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When Brussels joined the global ‘March against Monsanto’
The concerns of those demonstrating covered a range of issues, many of which involve not only Monsanto but also other powerful biotech companies such as Syngenta, Bayer, Dow and more. Several people were dressed as bees, recalling the ongoing campaign to ban the use of harmful pesticides blamed for dramatic declines in bee populations across the world. The EU’s recently adopted 2-year ban on the use of certain pesticides (neonicotinoids) has been seen as a temporary victory in this area.
The cultivation and consumption of genetically modified crops (GMOs) was, of course, a central issue. Despite strong consumer opposition from the beginning, a number of GMO crops are currently being cultivated in Europe with the risks that this implies for health and crossover with non-GM crops. These include maize produced by Monsanto, Syngenta and Pioneer as well as the Amflora potato, modified to contain more starch. Further crops are in the process of being approved. These crops are generally engineered to either contain substances killing certain pests, or to resist the powerful, highly toxic pesticides/herbicides they are treated with and which then kill everything else but the crop itself. Just common sense would seem to suggest that neither of these things could be very good for the health of those consuming them – whether human or animal. Evidence is now building that this is indeed the case.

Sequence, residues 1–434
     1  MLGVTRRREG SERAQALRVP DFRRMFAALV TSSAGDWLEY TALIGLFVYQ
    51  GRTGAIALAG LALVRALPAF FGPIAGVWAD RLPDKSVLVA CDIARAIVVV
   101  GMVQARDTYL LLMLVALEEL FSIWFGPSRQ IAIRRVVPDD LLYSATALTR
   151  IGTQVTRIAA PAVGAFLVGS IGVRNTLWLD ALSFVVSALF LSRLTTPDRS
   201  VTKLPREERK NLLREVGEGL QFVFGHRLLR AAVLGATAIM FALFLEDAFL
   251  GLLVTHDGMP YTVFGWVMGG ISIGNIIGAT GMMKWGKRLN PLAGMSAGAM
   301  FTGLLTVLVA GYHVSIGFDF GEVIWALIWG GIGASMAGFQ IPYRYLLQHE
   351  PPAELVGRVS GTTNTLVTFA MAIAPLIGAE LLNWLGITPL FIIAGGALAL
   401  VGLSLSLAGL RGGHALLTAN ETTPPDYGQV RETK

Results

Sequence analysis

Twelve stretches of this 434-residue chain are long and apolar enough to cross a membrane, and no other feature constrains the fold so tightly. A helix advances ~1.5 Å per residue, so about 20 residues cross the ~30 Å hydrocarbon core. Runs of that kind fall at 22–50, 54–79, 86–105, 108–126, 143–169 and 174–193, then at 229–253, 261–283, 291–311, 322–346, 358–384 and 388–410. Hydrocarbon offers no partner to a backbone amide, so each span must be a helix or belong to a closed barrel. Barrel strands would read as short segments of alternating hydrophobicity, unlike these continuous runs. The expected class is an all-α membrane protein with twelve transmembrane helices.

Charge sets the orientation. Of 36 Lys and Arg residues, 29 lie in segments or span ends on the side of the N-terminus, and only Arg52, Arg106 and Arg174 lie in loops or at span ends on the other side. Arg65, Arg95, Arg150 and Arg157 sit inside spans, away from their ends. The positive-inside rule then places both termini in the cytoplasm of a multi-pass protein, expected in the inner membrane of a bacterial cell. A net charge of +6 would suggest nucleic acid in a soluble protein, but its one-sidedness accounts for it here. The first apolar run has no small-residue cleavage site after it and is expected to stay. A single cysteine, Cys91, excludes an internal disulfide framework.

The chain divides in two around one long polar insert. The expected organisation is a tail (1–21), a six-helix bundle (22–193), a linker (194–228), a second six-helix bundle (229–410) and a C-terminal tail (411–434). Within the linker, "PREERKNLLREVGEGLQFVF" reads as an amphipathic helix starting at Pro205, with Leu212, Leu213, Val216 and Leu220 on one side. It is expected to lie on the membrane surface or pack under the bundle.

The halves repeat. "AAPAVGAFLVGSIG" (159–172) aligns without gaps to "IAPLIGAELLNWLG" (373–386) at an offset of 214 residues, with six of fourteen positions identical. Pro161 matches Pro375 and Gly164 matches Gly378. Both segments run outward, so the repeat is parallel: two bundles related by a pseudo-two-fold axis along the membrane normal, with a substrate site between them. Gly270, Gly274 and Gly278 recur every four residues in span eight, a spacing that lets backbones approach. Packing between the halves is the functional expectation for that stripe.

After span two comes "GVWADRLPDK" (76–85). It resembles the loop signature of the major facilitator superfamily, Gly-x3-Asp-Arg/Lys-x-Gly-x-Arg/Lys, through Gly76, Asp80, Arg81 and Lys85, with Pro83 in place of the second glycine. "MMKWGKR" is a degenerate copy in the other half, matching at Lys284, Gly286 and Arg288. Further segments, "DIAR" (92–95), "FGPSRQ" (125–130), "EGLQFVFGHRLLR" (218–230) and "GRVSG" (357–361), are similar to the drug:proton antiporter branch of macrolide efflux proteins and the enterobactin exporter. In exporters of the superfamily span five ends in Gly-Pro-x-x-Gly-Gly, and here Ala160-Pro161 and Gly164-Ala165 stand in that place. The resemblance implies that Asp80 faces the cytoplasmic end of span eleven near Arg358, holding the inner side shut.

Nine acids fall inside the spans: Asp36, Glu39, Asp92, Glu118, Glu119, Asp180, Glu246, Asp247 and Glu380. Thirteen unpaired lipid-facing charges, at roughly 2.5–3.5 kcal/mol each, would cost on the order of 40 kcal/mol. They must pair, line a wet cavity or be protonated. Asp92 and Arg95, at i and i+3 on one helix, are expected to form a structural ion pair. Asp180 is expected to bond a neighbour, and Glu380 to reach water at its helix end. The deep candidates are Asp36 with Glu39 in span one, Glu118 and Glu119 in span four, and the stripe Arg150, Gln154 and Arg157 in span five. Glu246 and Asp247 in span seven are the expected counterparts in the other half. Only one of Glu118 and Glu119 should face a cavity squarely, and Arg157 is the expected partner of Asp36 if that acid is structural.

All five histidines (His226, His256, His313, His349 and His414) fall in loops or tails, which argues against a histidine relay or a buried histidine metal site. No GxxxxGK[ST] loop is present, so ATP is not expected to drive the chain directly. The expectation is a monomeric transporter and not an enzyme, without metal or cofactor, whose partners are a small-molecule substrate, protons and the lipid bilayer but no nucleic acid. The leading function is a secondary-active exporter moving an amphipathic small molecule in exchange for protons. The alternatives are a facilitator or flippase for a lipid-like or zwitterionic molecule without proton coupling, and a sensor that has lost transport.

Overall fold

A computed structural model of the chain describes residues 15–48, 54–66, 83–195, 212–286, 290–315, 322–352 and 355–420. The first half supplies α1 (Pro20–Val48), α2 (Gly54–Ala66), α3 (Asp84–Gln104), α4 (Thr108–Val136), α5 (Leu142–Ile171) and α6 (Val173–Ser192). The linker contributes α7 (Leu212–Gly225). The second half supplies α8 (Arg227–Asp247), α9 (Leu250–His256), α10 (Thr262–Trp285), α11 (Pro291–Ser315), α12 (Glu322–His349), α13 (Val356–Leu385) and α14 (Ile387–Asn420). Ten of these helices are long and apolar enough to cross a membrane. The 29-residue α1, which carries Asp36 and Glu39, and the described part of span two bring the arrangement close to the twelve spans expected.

Another major concern of demonstrators is Monsanto’s use of what is called terminator technology which programs seeds to become infertile after one season thereby obliging the farmer to go back and buy new seeds every year. Combined with a growing number of patents on seeds of all kinds, some fear that this could lead to the effective monopolisation of the food chain by powerful multinationals. Particularly in the global south and developing countries where activists claim that undue pressure is being put on farmers to comply with the system.
Perhaps that is why this event was able to garner so much support so quickly. More than a political demonstration, it was a worldwide mobilisation against corporate greed, the relentless chemical poisoning of our health and environment, the insidious infiltration of GMOs into our daily lives, and socially and environmentally destructive business practices.
Encouraged by the unprecedented success of this first ‘March against Monsanto’ – organised exclusively through social media – the organisers are planning another global demonstration for 12 October 2013, World Food Day. Time to decide whether the safety and security of our food supply for the coming century lies, as the multinationals would have us believe in the increased use of genetic manipulation and the relentless poisoning of our environment, or if perhaps it’s time to stop and take stock and consider just how far we can push mother nature before she pushes back. The warning signs are already there.
* This is an opinion piece submitted by the author and does in no way constitute a Bulletin leader. Views expressed are those of the author alone.